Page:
It has to do with a lot of boys that I’ve known that were real ragers and real fun people, young kids in LA who were part of the punk and really heavy gay scene. And a lot of these boys, because it was the ’90s and they didn’t really have the drugs we have now for HIV, didn’t make it. These boys that I knew and I loved – and unfortunately there were several of them – carried a strength and a fire and a sense of fun, like a belligerent irreverence. With the album, I felt like I wanted to reach out to these boys and carry my love and appreciation to them, and to people that survived all that, and to gay kids in general. But it’s funny, because people think it’s so dark and morose, and it is in a way, because I’ve been through fucking hell, but mostly it’s just coming from love and appreciation, and just reflection on these kids and the art that was so heavy and strong and amazing, and the punk rock. I just fucking love punk rock!
The overriding perception of your music isn’t of fun, like you say, but that it comes from a dark place. Boy seems to come from somewhere more positive.
I haven’t sat idle through my grief and anger, and let the shitty things eat holes in me and ruin me for the rest of my life. My whole adult life I’ve taken a really aggressive attack against falling prey to my own experiences, and to my own reaction to things, and I feel like it’s paying off. I’m really into the macabre, so it’s a bit obscure for me to ask other people to see the fun in something. I’m not expecting people to see my work the way that I do at all, but for me it is about fun.
I write a lot of things based on the gritty life that I understand and street life that I understand. I was a child of the streets, I’m self-educated and I didn’t really go to school. I find murder and death and the most heinous and the blackest of thoughts to be funny sometimes. Ian Svenonius [of The Make-Up and Nation of Ulysses] is one of my favourite musicians, and I can quote him as saying that rock’n’roll is supposed to be fun, and I agree with him, but my definition of fun is simply not the same as his.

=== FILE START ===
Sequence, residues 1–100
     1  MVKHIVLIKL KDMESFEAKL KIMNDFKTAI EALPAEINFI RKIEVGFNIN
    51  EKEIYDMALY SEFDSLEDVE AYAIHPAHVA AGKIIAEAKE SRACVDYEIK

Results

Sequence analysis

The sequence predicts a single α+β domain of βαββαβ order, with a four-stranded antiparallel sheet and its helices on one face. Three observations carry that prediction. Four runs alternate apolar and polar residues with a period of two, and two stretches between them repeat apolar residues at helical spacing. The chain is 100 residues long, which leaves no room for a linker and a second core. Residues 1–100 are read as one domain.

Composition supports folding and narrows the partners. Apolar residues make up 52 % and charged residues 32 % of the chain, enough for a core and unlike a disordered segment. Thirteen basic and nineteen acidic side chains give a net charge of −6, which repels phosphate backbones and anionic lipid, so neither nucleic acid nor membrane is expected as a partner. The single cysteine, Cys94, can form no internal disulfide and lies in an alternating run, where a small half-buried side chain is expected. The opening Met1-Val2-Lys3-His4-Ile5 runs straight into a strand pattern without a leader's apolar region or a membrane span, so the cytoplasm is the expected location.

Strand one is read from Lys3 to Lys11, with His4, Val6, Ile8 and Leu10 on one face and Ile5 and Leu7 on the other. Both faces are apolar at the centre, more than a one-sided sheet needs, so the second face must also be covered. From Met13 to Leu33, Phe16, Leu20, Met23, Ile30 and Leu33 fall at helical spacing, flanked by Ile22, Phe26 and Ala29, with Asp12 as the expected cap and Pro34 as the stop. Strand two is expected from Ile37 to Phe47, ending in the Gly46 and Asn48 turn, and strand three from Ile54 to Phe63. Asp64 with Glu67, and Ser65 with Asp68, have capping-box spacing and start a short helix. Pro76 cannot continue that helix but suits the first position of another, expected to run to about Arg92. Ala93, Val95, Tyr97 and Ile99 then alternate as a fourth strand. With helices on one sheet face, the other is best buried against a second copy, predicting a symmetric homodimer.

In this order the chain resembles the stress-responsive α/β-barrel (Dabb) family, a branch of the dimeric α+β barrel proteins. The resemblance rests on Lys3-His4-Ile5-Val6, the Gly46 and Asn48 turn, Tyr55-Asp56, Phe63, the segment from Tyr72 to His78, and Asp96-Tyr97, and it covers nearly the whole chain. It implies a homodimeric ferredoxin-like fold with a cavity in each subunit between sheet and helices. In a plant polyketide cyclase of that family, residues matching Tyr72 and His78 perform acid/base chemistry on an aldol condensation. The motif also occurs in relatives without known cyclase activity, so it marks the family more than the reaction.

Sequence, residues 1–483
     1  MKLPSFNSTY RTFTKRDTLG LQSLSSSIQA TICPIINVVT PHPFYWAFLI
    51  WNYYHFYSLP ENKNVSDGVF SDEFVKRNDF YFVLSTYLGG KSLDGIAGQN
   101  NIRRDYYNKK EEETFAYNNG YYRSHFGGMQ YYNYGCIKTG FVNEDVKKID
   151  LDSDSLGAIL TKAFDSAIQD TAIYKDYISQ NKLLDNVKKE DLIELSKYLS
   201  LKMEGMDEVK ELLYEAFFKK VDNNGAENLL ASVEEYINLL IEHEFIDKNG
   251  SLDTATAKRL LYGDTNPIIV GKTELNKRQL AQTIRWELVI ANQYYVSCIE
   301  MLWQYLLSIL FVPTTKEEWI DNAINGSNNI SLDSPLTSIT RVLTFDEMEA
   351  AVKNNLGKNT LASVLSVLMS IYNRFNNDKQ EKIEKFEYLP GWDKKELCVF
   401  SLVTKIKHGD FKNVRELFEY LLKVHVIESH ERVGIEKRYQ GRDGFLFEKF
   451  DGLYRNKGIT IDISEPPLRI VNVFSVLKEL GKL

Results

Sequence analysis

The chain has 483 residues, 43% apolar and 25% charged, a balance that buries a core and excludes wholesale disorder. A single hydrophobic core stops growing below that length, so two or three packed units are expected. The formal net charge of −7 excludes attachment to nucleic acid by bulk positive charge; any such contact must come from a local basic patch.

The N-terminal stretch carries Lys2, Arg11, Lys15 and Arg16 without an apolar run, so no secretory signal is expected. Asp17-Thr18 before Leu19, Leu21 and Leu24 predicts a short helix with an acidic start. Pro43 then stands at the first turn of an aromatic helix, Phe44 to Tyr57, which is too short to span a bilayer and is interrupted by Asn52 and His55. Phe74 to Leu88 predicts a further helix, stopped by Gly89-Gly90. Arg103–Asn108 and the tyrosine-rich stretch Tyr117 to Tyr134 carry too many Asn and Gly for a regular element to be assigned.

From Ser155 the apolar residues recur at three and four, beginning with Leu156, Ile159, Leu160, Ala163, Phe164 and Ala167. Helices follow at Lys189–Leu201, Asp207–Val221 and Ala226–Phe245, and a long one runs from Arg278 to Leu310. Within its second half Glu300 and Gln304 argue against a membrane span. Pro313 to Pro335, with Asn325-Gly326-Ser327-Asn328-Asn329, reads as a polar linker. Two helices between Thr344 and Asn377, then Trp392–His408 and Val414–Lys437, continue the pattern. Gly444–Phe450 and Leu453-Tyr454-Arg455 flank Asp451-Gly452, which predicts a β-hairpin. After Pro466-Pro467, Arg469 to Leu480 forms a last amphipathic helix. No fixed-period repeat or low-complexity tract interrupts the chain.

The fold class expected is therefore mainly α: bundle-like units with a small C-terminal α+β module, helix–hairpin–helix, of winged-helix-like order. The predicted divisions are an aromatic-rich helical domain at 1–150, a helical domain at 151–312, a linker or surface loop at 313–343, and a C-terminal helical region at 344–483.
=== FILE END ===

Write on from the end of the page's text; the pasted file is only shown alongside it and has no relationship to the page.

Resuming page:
At the risk of falling into cliché, so-called dark music can be very cathartic and cleansing, and that’s not necessarily a negative thing.
Any artist can relate to the fact that not everyone gets you when you make your work. It’s a beautiful thing that everyone gets their own deal out of it. Take the last song on the album, ‘Number X’. I have never in my life come anywhere near making such a statement of hope and gratitude as I did on that song. It’s almost embarrassing! It’s not embarrassing, but to me it’s dead clear and I can’t imagine anyone misinterpreting those words because I’m not tripping on them or riddling. It’s one of my strongest blessings that it’s not mine anymore after I write it and give it away. It’s somebody else’s, and they have their own take on it. It’s not really my business anymore. I really am happy that I made a pop record, though!
You say Boy is for all the boys you’ve known. I was wondering about the gospel and country & blues elements. They’re genres that set a lot of store in the importance of stories, and that ties in quite neatly with art you’ve made that emphasises unreality and artifice.
I can’t say that I make country songs, but I love country music. If I may say this, all country music is corny. But because of that, when you hit the blood and guts inside there, and you really get to it, it’s so much more extreme and moving – the artist’s going for the jugular. So when I listen to George Jones, or Willie Nelson, or Dolly Parton, I really feel it. They’re great entertainers, too. That’s one thing about being a country star: being an entertainer is absolutely as important as the music. It’s a tradition, and the word tradition is not taken lightly in country music!